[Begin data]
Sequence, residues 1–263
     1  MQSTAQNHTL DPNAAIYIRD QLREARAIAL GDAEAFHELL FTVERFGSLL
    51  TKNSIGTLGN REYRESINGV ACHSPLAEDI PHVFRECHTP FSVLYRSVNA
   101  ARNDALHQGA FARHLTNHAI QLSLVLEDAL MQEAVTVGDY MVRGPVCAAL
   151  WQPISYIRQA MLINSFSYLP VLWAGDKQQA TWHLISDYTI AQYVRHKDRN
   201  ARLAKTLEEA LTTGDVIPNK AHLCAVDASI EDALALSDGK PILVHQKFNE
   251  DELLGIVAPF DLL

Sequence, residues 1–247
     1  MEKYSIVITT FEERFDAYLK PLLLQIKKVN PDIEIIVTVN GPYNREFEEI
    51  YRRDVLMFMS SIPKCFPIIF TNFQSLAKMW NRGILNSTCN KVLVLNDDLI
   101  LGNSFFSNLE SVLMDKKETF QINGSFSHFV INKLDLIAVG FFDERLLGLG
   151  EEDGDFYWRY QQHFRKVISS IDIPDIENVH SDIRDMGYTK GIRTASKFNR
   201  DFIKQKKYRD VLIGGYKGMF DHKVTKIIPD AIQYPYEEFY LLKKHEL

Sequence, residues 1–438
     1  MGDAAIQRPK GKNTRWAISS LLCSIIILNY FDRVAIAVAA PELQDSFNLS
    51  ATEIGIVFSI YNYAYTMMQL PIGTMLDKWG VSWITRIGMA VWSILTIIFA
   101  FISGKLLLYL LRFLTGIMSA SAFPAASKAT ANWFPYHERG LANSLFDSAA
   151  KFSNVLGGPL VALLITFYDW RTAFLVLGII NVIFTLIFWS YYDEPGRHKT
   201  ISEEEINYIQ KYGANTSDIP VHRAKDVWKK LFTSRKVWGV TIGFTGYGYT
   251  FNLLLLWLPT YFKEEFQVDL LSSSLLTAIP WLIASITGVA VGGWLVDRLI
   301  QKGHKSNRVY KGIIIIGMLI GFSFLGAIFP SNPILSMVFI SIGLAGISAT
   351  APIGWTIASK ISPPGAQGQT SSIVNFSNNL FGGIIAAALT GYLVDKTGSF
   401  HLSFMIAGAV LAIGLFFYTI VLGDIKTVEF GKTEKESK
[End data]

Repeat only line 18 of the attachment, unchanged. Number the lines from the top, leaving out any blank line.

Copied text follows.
   151  KFSNVLGGPL VALLITFYDW RTAFLVLGII NVIFTLIFWS YYDEPGRHKT